heard so much about this protest camp, I wanted to see it for myself. A couple
of people told me that the protestors were paid $650 per month to occupy the
tents – a considerable amount in a country where an entry-level salary for a
university graduate was about $500 per month. I had also heard many mournful
accounts of how the Hezbollah tent camp had turned the downtown core, which had
been expensively restored under Rafik Hariri, into a ghost town.
around the tent camp, trying to look as much like a stupid tourist as possible,
attempting to assess the meaning of this place. Most of the tents were empty.
One of them contained a ping-pong table. Here and there I saw one or two men
lying on mattresses, swatting away the occasional fly and trying to sleep
through the mid-day heat. Angry looking young men, wearing grimy T-shirts and
ill-fitting, unfashionable jeans, sat around the perimeter of the camp holding
walkie talkies and looking suspiciously at passersby. I tried to take a photo,
but a couple of the walkie talkie boys stood up abruptly and started to walk
toward me when they saw my camera, so I tucked it back into my purse and walked
toward the army checkpoint at the entrance to the downtown core. Lebanese army
soldiers and Hezbollah security guys stood meters apart, studiously ignoring
one another in a stony stalemate.
smiled at me hopefully as I passed row upon row of empty chairs. Most of the
shops were no longer open for business. The few that were open had no
customers. The streets were so quiet that I could hear an echo bouncing off the
walls of the closely placed buildings. The call for prayer went out from the
muezzin at the new Hariri Mosque, and was immediately drowned out by church
bells. It was a depressing place: the refurbished downtown, normally a major
tourist magnet, was supposed to symbolize an end to Lebanon’s internecine
conflict; but its current state belied the promise.
The nearly empty Hezbollah tent
camp. Credit: Bram Hubbell (Flickr).
Empty cafes in downtown Beirut.
So I went
to find the famous Magen
Abraham Synagogue, which is about ten minutes’ walk from downtown. Once it
was the most important place of worship for Beirut’s Jewish community. But
there were no openly identified Jews in Beirut anymore, although I heard rumors
of a small, wealthy community living as Christians in the Jounieh area. The
synagogue, which had been badly damaged in 1982, was abandoned.
warned that asking directions to the synagogue would arouse suspicion. “It’s
near the Audi Bank,” said one acquaintance. “Just ask for the Audi bank, and
you’ll find the synagogue.” I found it. The Magen Abraham synagogue was a
mournful, nearly destroyed structure that looked completely out of place in
that area of office towers, parking lots and refurbished green parks. A rough wooden fence and a padlocked gate
surrounded the perimeter. The roof was nearly gone. Peeking through a crack in
the fence, I saw that the entrance was completely covered in overgrown weeds. I
was so fascinated by the synagogue, and so proud of myself for finding it
despite my nearly non-existent sense of direction, that I failed to notice that
the area was not completely deserted. Until I tried to take a photograph.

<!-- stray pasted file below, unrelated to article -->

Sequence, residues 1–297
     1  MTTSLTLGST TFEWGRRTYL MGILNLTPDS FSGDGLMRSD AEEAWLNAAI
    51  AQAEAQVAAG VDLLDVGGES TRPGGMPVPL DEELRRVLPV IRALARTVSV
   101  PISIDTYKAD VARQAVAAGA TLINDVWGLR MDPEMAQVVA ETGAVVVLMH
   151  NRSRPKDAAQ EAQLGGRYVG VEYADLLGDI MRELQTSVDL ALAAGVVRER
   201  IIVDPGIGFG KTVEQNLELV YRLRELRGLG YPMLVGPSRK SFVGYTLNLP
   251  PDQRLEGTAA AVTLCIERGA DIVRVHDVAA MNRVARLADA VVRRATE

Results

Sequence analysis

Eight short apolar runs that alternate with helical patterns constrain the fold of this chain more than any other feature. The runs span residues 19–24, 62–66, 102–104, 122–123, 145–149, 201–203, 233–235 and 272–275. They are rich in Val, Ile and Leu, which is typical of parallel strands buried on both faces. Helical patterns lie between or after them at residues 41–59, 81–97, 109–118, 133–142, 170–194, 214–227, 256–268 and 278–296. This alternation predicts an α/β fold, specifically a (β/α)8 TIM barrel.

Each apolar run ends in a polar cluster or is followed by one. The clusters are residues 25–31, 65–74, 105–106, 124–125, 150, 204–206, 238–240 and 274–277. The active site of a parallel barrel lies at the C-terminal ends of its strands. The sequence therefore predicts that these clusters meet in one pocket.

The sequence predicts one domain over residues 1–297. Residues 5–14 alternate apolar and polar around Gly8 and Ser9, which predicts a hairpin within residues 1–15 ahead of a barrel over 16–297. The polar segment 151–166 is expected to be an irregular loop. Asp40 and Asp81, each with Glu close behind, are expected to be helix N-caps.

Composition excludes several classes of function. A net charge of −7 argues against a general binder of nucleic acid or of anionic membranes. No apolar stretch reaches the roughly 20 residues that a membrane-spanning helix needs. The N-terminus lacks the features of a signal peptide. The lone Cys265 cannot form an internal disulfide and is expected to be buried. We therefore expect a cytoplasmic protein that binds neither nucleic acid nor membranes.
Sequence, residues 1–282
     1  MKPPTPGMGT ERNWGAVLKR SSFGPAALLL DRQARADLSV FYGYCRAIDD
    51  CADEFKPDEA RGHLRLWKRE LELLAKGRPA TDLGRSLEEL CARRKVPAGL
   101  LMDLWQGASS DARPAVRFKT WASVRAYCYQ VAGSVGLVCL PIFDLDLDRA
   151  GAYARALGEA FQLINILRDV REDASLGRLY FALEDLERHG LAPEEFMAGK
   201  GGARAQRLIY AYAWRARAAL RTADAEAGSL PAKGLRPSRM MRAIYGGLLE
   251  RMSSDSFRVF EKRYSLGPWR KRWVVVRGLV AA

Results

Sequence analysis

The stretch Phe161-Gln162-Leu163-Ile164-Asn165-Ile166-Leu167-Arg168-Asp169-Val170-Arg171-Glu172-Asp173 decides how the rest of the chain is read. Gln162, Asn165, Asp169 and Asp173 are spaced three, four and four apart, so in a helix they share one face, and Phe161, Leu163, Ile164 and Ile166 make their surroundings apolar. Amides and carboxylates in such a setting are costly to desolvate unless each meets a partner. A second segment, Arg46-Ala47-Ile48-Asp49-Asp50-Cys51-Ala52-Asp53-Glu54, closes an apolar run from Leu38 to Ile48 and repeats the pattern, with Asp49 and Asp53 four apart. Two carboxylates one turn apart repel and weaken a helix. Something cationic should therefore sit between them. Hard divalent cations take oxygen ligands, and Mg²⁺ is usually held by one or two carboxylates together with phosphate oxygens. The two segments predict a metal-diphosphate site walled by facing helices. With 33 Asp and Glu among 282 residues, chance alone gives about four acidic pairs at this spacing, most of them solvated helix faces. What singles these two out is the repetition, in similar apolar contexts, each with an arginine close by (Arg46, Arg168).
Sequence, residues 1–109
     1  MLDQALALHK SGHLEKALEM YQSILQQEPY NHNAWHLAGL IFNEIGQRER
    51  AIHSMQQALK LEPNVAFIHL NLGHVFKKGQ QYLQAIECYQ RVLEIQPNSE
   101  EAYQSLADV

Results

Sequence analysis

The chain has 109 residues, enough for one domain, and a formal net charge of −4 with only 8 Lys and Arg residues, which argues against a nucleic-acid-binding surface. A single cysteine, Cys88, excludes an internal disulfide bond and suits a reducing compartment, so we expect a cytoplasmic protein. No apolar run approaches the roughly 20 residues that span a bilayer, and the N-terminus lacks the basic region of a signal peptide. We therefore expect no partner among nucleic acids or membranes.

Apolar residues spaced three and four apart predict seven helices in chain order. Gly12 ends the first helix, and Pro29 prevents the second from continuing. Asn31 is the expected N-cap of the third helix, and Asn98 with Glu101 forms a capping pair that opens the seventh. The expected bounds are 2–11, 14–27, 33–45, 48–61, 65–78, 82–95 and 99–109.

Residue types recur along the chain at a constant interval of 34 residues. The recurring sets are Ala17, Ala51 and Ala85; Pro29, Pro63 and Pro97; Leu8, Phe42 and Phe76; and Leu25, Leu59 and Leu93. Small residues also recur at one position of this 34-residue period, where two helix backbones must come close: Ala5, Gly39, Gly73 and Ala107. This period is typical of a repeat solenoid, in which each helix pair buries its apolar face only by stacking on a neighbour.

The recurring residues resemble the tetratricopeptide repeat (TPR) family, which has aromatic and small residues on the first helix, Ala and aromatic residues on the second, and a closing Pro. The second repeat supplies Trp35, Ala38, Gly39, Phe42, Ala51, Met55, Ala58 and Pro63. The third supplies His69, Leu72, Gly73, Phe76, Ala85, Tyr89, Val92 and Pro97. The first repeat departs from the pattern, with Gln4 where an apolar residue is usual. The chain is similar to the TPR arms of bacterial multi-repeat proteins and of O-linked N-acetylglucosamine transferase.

uniformed security guard appeared, seemingly out of nowhere, and told me I
wasn’t allowed to take photos. I pointed at the synagogue, told him I was an
architecture student, and asked if I could take just one photograph. He
assented. So I took two photographs, although they look exactly the same.
Magen Abraham Synagogue
sweaty from the mid-day heat, I purchased a bottle of mineral water at a dusty
little grocery store nearby, and went to sit under a tree for a few minutes.
Suddenly, three men with overdeveloped upper bodies, wearing reflective aviator
glasses and laminated identification cards hung from lanyards around their
necks, roared toward me on their motorcycles. They approached the uniformed
security guard, pointed at me and exchanged a few words. The one whose body
most resembled Arnold Schwarzenegger’s in his prime walked over to me.
“English? French? Arabic?” he asked. “English or French,” I answered. “Listen,”
he said in English. “I am telling you this for your own good. It’s very
dangerous here. The whole area is a military zone, and we are expecting
I looked at
the quiet green park, the abandoned synagogue and the parking lot, looked back
at him in puzzlement, and said, “Sorry, I didn’t realize. I was just resting
because it’s so hot, and I was interested in that building over there.” I
pointed at the synagogue, and mentioned that the security guard had given me
his permission to take a photograph. Schwarzenegger followed my pointing finger
and said, “Oh, the Jewish building? I’m sorry, it’s all locked up. You can’t go
inside.” I waited for him to ask me why I was interested in the “Jewish
building,” but he didn’t. He just wished me a pleasant day and told me to be
careful. I looked around at the innocuous downtown scene, and wondered again at
the constant clash of normalcy and danger in Beirut.
When I told
that story to an Israeli friend, a journalist that I often see when we are both
reporting on the same events in the West Bank, he asked me teasingly what I
would have done if an Israeli soldier had told me to leave an ostensibly
civilian area with the claim that it was a closed military zone. I told him I
would have argued with the soldier, told him to show me the order or give me
the name and mobile number of his officer – which is what most Israeli
reporters do in those situations, and my friend knew what my answer to his
question would be. But when one is a clandestine visitor from Israel in